I spoke with GRAMMY Museum executive director, Scott Goldman, formerly vice president of the GRAMMY Foundation and MusiCares prior to the merger, to understand more about the change in name, the merger and future plans. He said, “What we’ve done in combining the GRAMMY Foundation and the GRAMMY Museum is really a case of one and one equals three. The former GRAMMY Foundation and our work in music education, exposing high school students to the variety of careers in music, financially supporting public high school music programs, recognizing excellence in classroom music instruction through the GRAMMY Music Educator Award, is all now combined with the music education activities of the GRAMMY Museum, using music as a tool for students to better express themselves, to do a better job in terms of their own critical thinking, and adds a location to bring, literally, 25,000 students a year, to receive workshops on a variety of artists and genres in music, after-school programs and interactive summer sessions. Combine all of that into one organization under the GRAMMY Museum banner and add to it an award that the museum has traditionally given out, the Jane Ortner Education Award, which is given to a non-music teacher that uses music to teach other disciplines. All of a sudden now, we are speaking as the GRAMMY Museum to the entirety of the education community.

We have, in this merger, probably doubled the suite of education programs that we are presenting and significantly widened the field on which we are working on behalf of music education.

The GRAMMY Museum has a significant, national music education effort. That is what SBO’s readers should know. And that effort is born out through, literally, a dozen different initiatives. The programs they have traditionally understood as coming from the GRAMMY Foundation still live, and now exists under The GRAMMY Museum banner. The name changed, but nothing else really did.

So yes, the museum, it is also destination, but it’s so much more. We have resources available to music teachers, and non-music teachers all year long through our programs. So, we want SBO’s readers to look to us in the same way they used to look to The GRAMMY Foundation.”

The GRAMMY Museum has facilities in multiple locations, including Clarksville, Mississippi and Los Angeles, California. They also have a wonderful exhibit wing at the Musician’s Hall of Fame in Nashville, Tennessee.

A few years ago, The Recording Academy and GRAMMY Foundation launched the Music Educator Award to bring attention to the work being done by music teachers across the U.S. The deadline to nominate a teacher annually falls on March 15. Teachers can also apply without being nominated at by March 31.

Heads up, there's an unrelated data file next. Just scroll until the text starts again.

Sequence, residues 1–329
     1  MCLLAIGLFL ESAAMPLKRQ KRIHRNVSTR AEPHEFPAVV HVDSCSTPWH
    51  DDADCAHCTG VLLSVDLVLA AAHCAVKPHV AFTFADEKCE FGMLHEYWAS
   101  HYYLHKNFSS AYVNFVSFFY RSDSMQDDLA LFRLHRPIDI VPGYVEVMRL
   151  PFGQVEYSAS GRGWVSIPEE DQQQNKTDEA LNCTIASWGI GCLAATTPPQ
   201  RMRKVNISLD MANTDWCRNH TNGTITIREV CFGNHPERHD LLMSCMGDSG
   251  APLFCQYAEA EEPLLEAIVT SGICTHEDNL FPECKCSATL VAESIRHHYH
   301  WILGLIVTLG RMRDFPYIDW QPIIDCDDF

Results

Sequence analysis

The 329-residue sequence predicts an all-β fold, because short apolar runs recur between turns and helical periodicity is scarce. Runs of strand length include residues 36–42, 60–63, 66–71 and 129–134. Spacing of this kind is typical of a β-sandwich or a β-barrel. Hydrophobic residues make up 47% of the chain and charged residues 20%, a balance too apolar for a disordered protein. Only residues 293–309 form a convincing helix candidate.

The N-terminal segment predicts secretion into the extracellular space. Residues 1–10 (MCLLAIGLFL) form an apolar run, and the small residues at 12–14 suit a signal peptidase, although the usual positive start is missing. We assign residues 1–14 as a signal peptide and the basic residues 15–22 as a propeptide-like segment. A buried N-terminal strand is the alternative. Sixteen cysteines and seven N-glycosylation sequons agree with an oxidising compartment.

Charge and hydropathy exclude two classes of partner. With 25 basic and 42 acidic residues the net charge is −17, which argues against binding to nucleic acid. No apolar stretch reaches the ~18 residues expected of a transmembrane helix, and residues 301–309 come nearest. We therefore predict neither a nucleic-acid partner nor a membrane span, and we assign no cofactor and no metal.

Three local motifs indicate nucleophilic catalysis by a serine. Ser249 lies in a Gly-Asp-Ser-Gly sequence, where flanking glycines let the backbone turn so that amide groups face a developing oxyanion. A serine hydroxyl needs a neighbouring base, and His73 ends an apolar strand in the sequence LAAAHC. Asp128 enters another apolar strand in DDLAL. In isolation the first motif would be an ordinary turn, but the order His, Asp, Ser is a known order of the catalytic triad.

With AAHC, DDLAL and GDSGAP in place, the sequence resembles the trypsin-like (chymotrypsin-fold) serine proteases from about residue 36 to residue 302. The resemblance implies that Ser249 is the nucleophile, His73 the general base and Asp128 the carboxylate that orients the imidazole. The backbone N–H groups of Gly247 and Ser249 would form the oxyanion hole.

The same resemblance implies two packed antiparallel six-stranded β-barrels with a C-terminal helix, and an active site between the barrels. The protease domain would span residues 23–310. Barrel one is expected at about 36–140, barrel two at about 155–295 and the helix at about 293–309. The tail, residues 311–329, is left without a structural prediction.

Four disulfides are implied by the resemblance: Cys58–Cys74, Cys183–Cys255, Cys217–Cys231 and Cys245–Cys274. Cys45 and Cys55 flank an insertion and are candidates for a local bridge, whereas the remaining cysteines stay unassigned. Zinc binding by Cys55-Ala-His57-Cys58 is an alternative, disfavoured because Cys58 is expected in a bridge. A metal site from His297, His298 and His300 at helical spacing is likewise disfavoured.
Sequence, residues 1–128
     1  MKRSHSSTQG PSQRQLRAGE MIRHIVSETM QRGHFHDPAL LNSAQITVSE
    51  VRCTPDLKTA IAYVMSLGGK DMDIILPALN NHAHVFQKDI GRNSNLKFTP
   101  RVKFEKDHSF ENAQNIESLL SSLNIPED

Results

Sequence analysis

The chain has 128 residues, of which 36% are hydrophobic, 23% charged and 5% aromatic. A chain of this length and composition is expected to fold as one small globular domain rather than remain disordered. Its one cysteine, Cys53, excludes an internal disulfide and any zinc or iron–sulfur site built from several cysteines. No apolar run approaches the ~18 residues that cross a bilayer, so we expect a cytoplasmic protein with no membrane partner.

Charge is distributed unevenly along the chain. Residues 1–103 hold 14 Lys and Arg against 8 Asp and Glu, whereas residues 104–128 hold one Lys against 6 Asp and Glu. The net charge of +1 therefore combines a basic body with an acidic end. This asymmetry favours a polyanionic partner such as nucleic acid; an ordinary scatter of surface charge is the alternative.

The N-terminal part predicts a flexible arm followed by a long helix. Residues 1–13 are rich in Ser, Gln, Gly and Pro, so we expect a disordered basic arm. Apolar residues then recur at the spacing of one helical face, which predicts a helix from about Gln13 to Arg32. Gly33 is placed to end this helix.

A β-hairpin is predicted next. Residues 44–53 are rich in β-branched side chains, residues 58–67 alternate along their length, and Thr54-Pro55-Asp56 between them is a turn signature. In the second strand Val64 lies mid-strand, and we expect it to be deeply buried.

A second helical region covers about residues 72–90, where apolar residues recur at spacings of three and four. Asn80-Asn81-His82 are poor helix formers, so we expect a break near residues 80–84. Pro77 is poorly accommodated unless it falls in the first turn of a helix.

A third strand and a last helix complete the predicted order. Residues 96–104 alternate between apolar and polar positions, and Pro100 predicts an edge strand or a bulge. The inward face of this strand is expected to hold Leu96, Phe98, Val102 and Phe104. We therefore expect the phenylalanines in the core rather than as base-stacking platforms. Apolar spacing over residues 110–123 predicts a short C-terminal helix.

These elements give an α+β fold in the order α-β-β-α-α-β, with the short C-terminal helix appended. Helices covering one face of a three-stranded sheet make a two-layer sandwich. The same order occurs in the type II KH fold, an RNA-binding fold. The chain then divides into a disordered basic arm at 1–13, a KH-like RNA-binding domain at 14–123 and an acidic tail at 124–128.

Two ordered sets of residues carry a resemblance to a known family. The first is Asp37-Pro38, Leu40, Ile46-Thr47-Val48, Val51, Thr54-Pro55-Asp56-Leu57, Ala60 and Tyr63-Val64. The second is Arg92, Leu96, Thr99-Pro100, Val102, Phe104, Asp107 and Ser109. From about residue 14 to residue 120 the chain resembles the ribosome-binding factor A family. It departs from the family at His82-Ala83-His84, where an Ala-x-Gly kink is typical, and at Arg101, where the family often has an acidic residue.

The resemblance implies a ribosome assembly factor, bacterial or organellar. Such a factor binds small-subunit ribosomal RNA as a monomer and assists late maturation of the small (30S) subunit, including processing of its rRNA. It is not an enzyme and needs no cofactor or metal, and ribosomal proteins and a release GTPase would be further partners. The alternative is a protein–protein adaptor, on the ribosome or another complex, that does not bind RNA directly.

After a lengthy and detailed review of the entries/nominations, a “blue ribbon committee” selects ten finalists and makes their recommendation to the Board of Trustees, who vote on the final chosen recipient. It is a very involved process post-entry, meaning the nominees and award recipients are certainly not selected by ballot stuffing (you can’t), or popularity of voting by members or others.

I’ve seen the trustees deliberate when I was one of them, and believe me, there were some detailed, passionate discussions about topics. While I have not participated in this process having not been a trustee for 15 years now, I can easily imagine the debate and vote.

Re-branding a business, or product, or service, takes time. The GRAMMY Museum has its work cut out for it in making sure that the education community understands that the museum organization is behind the educational programs that the foundation launched over the years and still continues to this day. From the longtime GRAMMY in the Schools program, to the various GRAMMY Camp programs, GRAMMY Career Day, GRAMMY Signature Schools, to the fairly recent creation of the award recognizing an awesome music teacher each year, none of that has changed. It is simply being managed under the GRAMMY Museum name now.

So, SBO readers, get your nominations and entries ready for the Music Educator Award, and good luck! Entry deadlines are fast approaching!